Yale follows Harvard in ending requirement that students complete portion that is writing of or ACT. University of north park makes move that is similar leaving only 25 colleges utilizing the requirement. More colleges go test optional.
Yale University week that is last counselors who work with high school students that the university will no further require applicants to complete the SAT do my paper essay or the ACT writing test.
A memo Yale delivered to counselors said the university wanted to result in the application process easier on those who take the SAT or ACT during school hours. Those administrations frequently try not to give students time for the writing test, so students had to register for the test another right time for you to complete the writing test.
The move comes 3 months after Harvard University announced that it was making the SAT essay or ACT writing test optional. Harvard’s announcement noted that its applicants submit essays as part of their applications, so writing remains a part that is crucial of application process.
While the moves by institutions such as for instance Harvard and Yale capture attention, they reflect a far more general disinclination of admissions leaders toward the writing tests of the SAT and ACT. The Princeton Review, which tracks how many colleges require the test, now identifies only 25 institutions which do so. People with already dropped the requirement include Columbia and Cornell Universities, the Massachusetts Institute of Technology, together with University of Pennsylvania.
The University of San Diego also recently announced it would no longer require the SAT essay or ACT writing test. Stephen Pultz, assistant vice president for enrollment management at north park, said via email that “we decided the writing sections were not reliable measures for placement purposes, that is the way we originally envisioned their use. We’ve had better success with the other parts of the exams, Advanced Placement exams, and twelfth grade curriculum and grades.”
The school Board first started offering an essay from the SAT in 2005. But writing that is many were highly critical of this format, noting among other things that it failed to judge whether statements were factually correct. Les Perelman, an MIT writing professor, famously coached students on the best way to write ludicrous essays that could receive high scores.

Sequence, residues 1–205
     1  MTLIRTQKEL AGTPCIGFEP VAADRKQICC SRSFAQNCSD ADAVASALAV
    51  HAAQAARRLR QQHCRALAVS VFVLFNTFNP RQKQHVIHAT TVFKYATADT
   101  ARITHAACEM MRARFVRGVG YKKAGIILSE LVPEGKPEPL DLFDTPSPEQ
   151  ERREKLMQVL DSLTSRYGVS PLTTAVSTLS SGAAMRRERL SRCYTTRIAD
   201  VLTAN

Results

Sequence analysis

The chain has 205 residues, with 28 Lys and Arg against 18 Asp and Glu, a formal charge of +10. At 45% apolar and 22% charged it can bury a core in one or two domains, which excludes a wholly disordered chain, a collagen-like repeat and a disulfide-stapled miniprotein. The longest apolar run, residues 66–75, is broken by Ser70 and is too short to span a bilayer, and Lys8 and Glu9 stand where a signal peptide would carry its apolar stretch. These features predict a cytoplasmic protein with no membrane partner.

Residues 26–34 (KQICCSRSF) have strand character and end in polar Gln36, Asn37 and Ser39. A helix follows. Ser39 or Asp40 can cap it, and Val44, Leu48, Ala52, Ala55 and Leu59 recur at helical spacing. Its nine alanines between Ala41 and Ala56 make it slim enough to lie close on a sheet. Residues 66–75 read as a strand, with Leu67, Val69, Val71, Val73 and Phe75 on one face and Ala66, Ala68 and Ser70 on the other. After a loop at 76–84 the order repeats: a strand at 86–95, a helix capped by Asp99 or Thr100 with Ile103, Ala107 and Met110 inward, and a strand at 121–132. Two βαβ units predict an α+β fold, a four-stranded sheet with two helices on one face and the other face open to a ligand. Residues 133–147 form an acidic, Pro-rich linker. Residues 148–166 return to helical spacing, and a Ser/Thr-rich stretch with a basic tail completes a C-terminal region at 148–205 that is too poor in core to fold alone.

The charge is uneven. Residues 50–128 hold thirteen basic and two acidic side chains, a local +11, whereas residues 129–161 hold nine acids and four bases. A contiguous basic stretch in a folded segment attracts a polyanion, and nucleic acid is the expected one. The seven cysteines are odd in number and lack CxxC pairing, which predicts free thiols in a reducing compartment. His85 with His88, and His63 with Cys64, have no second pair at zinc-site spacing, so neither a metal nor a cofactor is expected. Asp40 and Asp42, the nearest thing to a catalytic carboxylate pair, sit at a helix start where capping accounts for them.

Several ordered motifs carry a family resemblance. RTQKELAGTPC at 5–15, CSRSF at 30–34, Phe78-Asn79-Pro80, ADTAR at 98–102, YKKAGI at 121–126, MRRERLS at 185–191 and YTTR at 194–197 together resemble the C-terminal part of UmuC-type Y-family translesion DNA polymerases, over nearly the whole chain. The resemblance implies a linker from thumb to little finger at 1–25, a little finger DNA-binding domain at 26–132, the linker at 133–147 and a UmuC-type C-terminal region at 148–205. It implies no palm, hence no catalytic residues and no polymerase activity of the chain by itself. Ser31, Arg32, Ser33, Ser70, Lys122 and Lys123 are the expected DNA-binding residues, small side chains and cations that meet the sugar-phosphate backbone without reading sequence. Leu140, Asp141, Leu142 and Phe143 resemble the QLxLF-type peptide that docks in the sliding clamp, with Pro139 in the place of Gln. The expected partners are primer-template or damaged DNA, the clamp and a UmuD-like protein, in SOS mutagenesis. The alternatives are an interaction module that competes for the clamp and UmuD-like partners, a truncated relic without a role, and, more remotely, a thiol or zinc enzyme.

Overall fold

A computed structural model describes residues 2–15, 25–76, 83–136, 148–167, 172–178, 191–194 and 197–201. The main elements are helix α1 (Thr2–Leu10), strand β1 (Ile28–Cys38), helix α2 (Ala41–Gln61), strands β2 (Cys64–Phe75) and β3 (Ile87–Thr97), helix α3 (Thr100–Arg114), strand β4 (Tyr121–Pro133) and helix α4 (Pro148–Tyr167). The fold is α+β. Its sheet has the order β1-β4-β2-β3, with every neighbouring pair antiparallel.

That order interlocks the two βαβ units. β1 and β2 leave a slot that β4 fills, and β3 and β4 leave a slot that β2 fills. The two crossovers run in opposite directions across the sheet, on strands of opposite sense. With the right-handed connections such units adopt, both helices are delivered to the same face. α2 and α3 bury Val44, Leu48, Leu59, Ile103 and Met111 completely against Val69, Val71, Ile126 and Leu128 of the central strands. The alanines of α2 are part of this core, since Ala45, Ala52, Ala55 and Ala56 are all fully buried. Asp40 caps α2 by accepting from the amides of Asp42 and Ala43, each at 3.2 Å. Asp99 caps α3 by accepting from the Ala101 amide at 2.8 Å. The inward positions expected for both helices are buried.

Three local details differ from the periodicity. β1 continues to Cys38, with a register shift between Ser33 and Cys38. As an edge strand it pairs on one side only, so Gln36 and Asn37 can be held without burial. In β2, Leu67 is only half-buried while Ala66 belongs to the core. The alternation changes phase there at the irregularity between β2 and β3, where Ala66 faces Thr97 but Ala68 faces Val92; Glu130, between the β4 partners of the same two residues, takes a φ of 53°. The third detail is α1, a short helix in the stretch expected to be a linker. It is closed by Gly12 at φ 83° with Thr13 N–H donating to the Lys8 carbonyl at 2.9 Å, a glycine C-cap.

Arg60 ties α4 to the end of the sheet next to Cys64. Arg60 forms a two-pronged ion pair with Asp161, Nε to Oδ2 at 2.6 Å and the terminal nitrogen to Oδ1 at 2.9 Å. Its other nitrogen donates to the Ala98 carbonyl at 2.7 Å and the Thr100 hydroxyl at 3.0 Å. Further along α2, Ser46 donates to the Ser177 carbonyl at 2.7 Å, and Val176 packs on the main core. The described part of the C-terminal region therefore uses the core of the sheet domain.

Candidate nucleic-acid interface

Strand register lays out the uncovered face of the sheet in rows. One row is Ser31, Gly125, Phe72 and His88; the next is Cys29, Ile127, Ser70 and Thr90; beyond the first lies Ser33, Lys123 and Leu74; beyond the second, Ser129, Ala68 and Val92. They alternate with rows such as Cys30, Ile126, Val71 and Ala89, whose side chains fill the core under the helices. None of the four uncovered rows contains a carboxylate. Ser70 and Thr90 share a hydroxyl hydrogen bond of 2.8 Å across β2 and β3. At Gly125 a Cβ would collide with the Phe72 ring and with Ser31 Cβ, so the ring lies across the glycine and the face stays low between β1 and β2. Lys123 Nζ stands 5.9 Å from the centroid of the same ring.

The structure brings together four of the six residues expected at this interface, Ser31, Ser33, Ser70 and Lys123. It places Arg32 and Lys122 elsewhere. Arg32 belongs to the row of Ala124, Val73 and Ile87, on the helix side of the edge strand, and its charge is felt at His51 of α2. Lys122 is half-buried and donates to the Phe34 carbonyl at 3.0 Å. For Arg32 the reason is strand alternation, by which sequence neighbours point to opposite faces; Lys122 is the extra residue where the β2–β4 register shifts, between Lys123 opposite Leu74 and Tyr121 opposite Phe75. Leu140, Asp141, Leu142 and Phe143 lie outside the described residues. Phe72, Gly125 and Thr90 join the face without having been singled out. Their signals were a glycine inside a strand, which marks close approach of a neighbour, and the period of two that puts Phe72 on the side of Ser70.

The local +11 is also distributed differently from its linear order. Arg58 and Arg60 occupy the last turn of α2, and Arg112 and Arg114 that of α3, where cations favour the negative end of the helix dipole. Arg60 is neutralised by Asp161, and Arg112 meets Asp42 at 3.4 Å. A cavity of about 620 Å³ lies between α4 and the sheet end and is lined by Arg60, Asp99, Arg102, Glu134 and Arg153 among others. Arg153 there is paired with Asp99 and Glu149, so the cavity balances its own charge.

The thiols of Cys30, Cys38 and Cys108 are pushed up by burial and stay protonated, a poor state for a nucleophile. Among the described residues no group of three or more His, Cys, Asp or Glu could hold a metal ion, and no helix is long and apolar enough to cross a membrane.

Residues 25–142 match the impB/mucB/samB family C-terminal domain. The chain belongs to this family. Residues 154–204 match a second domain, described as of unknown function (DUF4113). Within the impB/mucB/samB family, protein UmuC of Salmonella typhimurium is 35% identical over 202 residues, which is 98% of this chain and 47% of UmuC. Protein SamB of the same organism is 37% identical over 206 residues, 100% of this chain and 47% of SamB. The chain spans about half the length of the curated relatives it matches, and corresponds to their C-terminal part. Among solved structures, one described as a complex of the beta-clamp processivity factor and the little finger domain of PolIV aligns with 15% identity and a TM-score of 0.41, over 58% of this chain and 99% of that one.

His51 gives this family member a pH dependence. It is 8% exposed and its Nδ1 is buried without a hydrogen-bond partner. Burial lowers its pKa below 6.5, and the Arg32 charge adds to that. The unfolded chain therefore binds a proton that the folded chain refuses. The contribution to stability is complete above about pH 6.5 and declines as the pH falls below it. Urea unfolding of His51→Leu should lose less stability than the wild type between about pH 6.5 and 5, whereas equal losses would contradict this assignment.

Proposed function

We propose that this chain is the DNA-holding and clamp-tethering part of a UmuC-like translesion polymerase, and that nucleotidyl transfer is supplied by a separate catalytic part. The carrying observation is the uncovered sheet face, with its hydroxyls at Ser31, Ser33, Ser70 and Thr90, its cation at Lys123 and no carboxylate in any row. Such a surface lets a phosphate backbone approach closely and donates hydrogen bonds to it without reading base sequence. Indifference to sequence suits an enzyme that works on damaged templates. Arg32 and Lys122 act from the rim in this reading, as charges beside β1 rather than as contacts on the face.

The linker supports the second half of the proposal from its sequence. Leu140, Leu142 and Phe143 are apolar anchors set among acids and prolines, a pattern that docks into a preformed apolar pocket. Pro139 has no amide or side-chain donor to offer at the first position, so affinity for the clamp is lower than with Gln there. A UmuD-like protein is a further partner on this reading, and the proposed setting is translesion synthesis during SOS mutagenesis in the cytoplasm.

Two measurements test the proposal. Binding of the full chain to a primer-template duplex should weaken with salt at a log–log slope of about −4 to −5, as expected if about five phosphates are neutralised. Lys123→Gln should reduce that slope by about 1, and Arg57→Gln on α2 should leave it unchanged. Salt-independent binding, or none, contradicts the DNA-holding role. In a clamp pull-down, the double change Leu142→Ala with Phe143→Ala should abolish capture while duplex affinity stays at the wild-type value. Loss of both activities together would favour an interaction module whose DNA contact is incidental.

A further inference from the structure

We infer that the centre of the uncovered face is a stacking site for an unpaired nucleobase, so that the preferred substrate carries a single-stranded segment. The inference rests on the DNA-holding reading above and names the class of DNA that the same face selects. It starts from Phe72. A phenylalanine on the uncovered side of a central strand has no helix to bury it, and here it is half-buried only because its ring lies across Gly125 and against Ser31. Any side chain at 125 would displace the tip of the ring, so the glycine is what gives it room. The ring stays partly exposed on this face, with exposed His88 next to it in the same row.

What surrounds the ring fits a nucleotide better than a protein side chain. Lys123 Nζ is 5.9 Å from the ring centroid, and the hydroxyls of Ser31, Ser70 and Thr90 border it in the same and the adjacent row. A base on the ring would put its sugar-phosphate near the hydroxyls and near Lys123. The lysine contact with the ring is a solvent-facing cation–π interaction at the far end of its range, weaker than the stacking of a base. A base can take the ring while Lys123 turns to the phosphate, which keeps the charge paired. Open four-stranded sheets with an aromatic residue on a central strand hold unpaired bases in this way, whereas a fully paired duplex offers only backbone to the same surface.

With substantial changes towards the essay, including the utilization of writing passages to make test takers to cite evidence for opinions in their essays.
Generally, critics of the first form of the writing test agreed that the new version was better, however some continued to question if the writing test had enough value to justify leading students to organize for and go on it. Some advocates for the essay hoped the noticeable changes would lead more colleges to rely on it as part of the admissions process. Nevertheless the news from Harvard and Yale, and also the lack of curiosity about adding the writing test as a requirement, implies that this isn’t happening.
On its blog, Princeton Review said after Harvard’s decision that the essays must be eliminated from the SAT and ACT. For them), even though a very small number of colleges actually use the scores while they are theoretically optional, many students feel pressure to take them (and prepare.
“While over 70 percent of students using the SAT and more than 50 percent using the ACT opt into the essay, not even 2 percent of colleges require an essay score,” your blog post says. “Students and taxpayers are sending tens of vast amounts to the College Board’s and ACT’s coffers and don’t seem to be getting anything out of it apart from one more supply of anxiety when it comes to college applications. It really is time for the SAT and ACT essays to go.”
While Yale still requires applicants to take either the SAT or ACT for the nonwriting components of the exams, more colleges continue steadily to announce that they are going test optional. Among the colleges in recent weeks announcing these policies are Concordia University (St. Paul), Prescott College and Rider University.